Oscar-Nominated ‘Encanto’ Composer Germaine Franco Has Already Made Film-Music History
Composer Germaine Franco’s Oscar nomination for “Encanto” is a landmark moment in film music:
– She is the first Latina to be nominated in that category;
– She is only the sixth woman ever to be nominated for an original score;
– And she is the first woman to score a Disney film.
But ask any of her colleagues in the profession and they’ll tell you something else: that it’s a triumph for a musically talented, genuinely kind person who has worked hard her entire life, dating back decades to her childhood in El Paso, Texas, just across the border from where her grandparents were born in Chihuahua and Durango, Mexico.
Franco landed the “Encanto” assignment in part because she had firmly established the Mexican backdrop of Disney’s 2017 film “Coco” via her orchestrations and original songs. Says Lin-Manuel Miranda, who is also nominated as songwriter for “Encanto”: “I admired her work on ‘Coco’ and it was really important to me that we have a Latino music team. Our first meeting went really well and she spoke so powerfully about the themes and the instrumentation.”
For Franco, “Encanto” is the culmination of a lifetime of dedication to music. She started taking percussion and piano lessons at age 10, although, as she says, “my mom says I started sooner because I was always banging on pots and playing around on the family piano before I started formal lessons.” By age 16 she was studying classical music at Rice University in Houston while also starting her own Latin jazz band.
“I just wanted to play music,” she says. “I didn’t think about all the barriers and the roadblocks. I would travel to Mexico on my own during spring breaks in college, just hang out with musicians and play.” She went on to become the sole woman percussionist in Berlin’s World Orchestra in the 1980s, playing classical music by day and in salsa bands at night.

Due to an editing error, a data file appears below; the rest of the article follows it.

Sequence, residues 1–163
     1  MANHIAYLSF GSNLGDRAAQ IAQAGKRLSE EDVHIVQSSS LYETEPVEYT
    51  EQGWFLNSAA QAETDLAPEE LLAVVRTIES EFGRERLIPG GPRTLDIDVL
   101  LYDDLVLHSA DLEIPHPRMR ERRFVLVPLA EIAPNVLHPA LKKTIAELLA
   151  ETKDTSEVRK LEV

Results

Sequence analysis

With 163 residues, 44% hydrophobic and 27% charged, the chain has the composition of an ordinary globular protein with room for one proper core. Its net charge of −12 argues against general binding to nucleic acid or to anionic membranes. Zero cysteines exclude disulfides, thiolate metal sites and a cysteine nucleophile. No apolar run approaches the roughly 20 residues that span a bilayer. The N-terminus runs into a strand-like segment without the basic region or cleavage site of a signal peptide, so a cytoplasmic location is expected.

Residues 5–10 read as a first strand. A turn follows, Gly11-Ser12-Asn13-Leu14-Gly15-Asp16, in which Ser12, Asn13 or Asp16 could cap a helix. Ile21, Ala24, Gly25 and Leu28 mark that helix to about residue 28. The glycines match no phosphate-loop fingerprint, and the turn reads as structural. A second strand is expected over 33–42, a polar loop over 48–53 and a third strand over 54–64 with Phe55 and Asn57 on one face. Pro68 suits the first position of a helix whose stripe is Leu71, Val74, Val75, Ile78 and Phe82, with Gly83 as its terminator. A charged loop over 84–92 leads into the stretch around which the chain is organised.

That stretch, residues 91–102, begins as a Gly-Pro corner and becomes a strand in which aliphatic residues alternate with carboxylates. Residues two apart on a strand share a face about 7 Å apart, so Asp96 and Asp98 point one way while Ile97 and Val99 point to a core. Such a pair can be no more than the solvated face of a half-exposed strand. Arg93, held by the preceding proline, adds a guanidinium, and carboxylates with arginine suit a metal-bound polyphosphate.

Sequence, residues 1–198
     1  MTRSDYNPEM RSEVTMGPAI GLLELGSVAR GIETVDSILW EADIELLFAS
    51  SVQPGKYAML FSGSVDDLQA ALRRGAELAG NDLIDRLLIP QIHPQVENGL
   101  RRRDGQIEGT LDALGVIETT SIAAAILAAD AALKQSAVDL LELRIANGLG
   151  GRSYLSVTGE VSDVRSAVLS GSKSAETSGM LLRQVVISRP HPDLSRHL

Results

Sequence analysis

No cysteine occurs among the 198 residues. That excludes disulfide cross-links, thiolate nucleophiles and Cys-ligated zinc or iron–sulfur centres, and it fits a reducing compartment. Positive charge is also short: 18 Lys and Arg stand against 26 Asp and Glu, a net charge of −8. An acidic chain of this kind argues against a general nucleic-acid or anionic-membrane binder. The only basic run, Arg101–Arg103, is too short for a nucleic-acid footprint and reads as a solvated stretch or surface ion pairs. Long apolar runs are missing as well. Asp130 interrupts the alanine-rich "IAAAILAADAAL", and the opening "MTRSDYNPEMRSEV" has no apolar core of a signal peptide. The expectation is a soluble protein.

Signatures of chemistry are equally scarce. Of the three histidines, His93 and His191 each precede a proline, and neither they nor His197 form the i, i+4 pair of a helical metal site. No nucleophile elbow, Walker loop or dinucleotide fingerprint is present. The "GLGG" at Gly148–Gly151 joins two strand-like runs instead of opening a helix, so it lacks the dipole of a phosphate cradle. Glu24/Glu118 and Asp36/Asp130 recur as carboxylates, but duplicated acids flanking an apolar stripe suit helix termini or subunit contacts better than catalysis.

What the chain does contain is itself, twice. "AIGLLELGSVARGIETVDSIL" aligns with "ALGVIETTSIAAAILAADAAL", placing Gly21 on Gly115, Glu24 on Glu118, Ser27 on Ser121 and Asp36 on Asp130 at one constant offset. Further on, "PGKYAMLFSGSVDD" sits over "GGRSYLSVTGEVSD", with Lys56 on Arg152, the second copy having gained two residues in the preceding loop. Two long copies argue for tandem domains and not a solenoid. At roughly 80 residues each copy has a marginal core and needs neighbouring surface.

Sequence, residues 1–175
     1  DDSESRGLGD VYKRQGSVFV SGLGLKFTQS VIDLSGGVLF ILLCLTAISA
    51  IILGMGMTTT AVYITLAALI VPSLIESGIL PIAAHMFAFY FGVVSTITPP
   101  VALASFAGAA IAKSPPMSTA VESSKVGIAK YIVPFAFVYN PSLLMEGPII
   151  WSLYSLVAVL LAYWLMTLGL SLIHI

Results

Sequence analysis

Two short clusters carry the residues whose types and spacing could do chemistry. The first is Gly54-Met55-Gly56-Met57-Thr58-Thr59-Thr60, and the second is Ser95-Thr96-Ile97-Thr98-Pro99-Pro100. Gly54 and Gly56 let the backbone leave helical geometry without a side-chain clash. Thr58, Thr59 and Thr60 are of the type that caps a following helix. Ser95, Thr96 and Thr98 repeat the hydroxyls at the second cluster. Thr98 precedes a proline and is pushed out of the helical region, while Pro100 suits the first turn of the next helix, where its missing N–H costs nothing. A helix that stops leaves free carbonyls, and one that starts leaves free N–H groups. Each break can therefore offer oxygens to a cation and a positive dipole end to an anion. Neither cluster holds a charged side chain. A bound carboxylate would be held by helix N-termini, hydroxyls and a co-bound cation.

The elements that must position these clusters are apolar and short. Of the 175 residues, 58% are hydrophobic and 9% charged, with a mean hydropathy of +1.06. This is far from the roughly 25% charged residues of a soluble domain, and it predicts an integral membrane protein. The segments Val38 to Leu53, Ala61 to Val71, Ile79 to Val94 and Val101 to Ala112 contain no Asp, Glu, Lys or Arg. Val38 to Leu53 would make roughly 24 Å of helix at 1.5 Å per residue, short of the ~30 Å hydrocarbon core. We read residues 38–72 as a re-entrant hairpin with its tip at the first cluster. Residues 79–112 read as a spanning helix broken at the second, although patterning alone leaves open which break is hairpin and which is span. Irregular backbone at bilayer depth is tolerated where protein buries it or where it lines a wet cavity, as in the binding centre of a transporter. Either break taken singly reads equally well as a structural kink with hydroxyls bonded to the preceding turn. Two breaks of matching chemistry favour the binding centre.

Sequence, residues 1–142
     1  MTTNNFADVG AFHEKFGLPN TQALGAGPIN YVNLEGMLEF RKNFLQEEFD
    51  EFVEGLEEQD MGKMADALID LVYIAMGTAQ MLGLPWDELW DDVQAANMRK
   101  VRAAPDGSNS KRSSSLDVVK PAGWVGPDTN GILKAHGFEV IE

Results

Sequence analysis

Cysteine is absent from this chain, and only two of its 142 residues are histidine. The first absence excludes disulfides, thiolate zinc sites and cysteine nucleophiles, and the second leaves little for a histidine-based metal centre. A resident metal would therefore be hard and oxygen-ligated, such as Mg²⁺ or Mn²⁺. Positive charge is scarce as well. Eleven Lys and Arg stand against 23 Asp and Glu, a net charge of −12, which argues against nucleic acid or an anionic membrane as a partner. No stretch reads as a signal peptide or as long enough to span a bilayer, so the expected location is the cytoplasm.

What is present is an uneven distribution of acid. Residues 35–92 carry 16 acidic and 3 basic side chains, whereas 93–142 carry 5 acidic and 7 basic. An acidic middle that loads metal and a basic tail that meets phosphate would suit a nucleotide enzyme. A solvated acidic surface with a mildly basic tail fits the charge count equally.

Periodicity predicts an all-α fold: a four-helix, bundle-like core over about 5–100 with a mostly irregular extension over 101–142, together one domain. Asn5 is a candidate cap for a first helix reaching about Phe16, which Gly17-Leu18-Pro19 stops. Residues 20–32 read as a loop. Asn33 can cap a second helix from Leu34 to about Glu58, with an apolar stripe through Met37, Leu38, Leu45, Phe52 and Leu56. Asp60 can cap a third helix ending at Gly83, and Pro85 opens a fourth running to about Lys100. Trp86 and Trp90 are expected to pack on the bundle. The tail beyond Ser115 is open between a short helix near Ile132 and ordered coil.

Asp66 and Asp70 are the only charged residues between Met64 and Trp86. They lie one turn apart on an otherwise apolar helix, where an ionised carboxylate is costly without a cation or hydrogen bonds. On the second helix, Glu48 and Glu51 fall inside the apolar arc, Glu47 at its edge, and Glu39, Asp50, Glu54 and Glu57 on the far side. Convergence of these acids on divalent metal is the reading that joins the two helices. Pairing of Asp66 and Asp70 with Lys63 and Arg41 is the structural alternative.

She came to L.A. to study with Cuban percussionist Luis Conte, became music director of the Los Angeles Theatre Center and began writing music for plays. In 1991 she scored a short for Universal’s Hispanic Film Project, the start of her career in films.
Composer John Powell (“How to Train Your Dragon”) had met and worked with Franco’s brother, multimedia artist Michael Petry, in London during the ’80s and ’90s, and hired Franco as an assistant in 2003. “Back then he was doing five or six films a year,” she recalls.
“She was so wonderful and talented,” Powell remembers. “She did all the things that assistants do for you. She became my co-producer on scores, riding point on everything – singers, musicians, sessions, also playing marimba. As a percussionist, you have a broad knowledge, a sense of rhythm and pitch and melody.”
Over the next decade she also arranged, orchestrated and wrote additional music (on Powell scores including “Kung Fu Panda,” “Bolt” and “Rio,” and on “The Book of Life” with Gustavo Santaolalla) while also writing her own music for documentaries and shorts. She finally left her full-time post with Powell and scored the 2015 Sundance hit “Dope.”
The work continued to come: the action comedy “Tag,” the fantasy “Little,” the adventure “Dora and the Lost City of Gold,” theme-park rides based on “Kung Fu Panda” and more. “Just because my last name is Franco, doesn’t mean I only write Latin music,” she notes.
While acknowledging her groundbreaking status as a successful woman in a very male-dominated profession, Franco doesn’t see herself as a leader. “I just do the work, and hope that people respond to it in a good way. But I do feel the need to show young women, especially people of color, that you can accomplish things when you are tenacious, have the desire, and do the work. You must practice, you must orchestrate, you must learn how to write for an orchestra.”
Already a winner of the Society of Composers & Lyricists’ original score honors for “Encanto,” she may well claim a few more statues on the way to the Oscars.
Says Powell: “Her personal empathy and kindness comes out in her music and her relationship with story. She feels it deeply. Those emotions will come out in music, and that music will fit the film. But she is an artist in her own right.”
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